Proper 18C Sermon (2016)

Proper 18 (Sept. 4-10)
Texts: Luke 14:25-33;
Philemon; Deut 30:15-20


Several weeks ago we were treated to the Gospel Reading where Jesus says that he didn’t come to bring peace but division — such that even households will be deeply divided, father against son, mother against daughter, etc. We said that the Gospel can be challenging as hell, asking us to go through a kind of death on the way to transformation. This week we might say that we have that challenge in triplicate. To be disciples of Jesus we are asked to:

  • “hate father and mother, wife and children, brothers and sisters, yes, and even life itself”
  • “carry the cross and follow me”
  • “give up all your possessions”

Wow! I would say that hits the trifecta of challenges. One could be addicted to gambling and play the trifecta at the track and not risk losing that much. Lutheran pastor Dietrich Bonhoeffer, martyred by the Nazis, wrote a book on how discipleship to Jesus is costly.1 This Gospel Reading is a prime example of Jesus asking us to count the cost.

The word Gospel means Good News, but how can challenges like these be Good News? They can’t be, and won’t be, unless one is ready to welcome the Good News as Jesus proclaimed it. What was his summarized version? “The time is fulfilled, and the kingdom of God has come near; repent, and believe in the good news” (Mark 1:15). That’s Mark’s Gospel. In Luke’s Gospel, Jesus proclaims the Good News through quoting Isaiah: “The Spirit of the Lord is upon me, because he has anointed me to bring good news to the poor. He has sent me to proclaim release to the captives and recovery of sight to the blind, to let the oppressed go free, to proclaim the year of the Lord’s favor” (Luke 4:18-19). Either way, Jesus is telling us that, if you like the way things are in our human kingdoms, then this Good News might not be so good for you. Because God’s kingdom is coming into the world, and that means huge changes, a flipping of the way things are now. It’s those who are left out now in our human kingdoms — the poor and oppressed — who will most readily receive this as Good News.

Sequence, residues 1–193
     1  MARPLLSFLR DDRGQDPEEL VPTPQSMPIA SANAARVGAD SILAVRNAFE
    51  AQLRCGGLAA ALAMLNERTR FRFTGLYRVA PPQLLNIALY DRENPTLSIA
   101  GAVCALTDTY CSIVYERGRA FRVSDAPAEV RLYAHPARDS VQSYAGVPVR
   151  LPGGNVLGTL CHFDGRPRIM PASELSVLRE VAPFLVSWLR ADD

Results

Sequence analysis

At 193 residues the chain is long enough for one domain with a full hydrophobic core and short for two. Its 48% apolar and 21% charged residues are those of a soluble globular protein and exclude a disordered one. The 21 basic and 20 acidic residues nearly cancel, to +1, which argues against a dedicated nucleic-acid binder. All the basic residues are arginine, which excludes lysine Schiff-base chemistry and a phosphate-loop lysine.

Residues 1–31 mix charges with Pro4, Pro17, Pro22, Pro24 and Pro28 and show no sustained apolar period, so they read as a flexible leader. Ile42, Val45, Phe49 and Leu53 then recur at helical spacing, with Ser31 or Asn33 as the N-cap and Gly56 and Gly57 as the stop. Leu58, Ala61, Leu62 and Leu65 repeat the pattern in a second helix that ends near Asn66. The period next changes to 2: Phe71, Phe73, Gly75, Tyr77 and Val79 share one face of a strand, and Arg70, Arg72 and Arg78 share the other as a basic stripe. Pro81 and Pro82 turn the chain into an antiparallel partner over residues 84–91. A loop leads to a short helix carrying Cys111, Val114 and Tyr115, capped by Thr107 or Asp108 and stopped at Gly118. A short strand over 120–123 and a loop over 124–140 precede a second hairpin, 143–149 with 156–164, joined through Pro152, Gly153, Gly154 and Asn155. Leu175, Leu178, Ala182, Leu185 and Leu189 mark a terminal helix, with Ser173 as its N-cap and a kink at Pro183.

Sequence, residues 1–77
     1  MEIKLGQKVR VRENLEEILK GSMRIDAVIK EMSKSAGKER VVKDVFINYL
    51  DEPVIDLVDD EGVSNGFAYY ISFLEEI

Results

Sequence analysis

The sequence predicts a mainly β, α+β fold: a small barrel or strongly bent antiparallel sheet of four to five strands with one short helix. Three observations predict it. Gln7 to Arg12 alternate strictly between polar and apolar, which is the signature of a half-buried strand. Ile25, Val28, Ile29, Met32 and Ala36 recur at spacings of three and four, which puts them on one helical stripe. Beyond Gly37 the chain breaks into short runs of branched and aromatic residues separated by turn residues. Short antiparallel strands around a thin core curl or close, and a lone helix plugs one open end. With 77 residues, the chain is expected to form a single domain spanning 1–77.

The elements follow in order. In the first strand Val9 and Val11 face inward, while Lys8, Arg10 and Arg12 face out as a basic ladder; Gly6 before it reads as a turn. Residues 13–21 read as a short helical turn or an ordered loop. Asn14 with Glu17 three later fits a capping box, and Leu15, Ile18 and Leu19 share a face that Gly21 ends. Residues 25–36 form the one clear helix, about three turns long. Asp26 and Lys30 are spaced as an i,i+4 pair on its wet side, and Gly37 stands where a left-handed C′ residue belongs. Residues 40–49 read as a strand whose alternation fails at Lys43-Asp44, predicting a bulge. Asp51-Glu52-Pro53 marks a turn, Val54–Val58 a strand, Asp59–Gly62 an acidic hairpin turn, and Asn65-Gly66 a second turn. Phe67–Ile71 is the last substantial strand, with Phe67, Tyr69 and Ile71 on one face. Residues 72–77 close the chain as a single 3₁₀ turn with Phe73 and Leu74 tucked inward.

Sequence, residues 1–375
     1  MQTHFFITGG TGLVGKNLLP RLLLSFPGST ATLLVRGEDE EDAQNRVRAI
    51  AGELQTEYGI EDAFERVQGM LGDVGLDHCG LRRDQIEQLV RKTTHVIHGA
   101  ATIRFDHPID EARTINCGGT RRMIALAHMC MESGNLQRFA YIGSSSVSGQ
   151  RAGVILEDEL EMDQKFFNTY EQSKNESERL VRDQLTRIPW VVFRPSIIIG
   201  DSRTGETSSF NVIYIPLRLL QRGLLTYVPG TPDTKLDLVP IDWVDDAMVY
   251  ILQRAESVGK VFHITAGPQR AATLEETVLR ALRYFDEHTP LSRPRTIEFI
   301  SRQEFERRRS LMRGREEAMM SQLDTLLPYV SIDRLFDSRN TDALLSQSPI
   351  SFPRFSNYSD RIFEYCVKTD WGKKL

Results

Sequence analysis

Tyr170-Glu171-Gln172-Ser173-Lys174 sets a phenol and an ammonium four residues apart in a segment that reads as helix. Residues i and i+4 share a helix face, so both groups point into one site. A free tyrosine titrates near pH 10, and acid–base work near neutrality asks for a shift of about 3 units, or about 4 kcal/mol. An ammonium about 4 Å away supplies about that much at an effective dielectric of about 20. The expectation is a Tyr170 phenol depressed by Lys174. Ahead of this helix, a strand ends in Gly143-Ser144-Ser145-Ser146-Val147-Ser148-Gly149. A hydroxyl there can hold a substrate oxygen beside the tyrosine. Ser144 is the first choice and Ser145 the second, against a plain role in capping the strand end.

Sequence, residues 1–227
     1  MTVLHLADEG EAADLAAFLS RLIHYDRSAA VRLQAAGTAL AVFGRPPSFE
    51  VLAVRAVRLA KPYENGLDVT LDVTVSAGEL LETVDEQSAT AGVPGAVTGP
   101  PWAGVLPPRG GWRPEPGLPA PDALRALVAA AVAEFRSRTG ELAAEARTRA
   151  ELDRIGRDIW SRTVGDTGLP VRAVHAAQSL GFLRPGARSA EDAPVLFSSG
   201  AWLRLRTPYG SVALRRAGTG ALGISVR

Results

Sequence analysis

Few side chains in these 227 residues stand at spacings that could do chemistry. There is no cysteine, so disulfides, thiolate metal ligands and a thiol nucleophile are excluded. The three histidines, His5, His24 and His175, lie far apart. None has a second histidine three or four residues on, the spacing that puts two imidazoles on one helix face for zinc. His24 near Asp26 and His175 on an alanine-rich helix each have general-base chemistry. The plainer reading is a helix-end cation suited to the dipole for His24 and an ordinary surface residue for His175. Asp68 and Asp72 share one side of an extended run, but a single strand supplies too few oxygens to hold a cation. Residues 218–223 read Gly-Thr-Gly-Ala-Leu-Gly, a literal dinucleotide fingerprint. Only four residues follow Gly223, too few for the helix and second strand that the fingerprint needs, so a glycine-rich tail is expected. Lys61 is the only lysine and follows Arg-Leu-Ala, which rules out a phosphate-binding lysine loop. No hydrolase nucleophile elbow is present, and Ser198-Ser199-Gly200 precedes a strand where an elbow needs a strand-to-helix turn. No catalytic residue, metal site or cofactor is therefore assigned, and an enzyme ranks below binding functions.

How do we answer the call? We North American white folks who enjoy the greatest wealth and power of any human kingdom in history? If we like the way the human cultures and institutions are working for us, can we experience Jesus’ call to discipleship as Good News? Or is it too costly? As a white male in a white-male-dominated society, I have to honest in saying this has always been a challenge to me. How much does welcoming God’s culture, God’s kingdom, ask me to give up? What exactly is the cost to me? Do I need to literally give up all my considerable possessions? ‘Hate’ my family? Jesus can’t really be asking that and call it Good News, can he?

These are questions that I’ve struggled with much of my life, and I have a story that has become very important to me in sorting these things out. But I need to set up the story by sharing another crucial turn in my life: namely, discovering an anthropology to go along with my theology.2 Why is that so important? Because if we are going to understand what Jesus meant by the Good News of bringing us God’s kingdom, God’s culture, we need to also understand how that’s fundamentally different from our human kingdoms, our human cultures. What distinguishes us as human beings is that we are religious creatures. All human cultures and kingdoms are formed around gods and religion.

So we might ask: do all of those gods and all of those religions match who God the creator of this universe actually is? We have the sense that, No!, much of our experiences of god and religion are mistaken and continue to be off-the-mark. So a huge part of what Jesus came to do is to show us who God really is, which is ultimately Good News. But it is also challenging as hell, because we evolved with our own ideas of who god is. And they are surprisingly difficult to let go of. Today’s challenging Gospel Reading gives us a big clue as to why.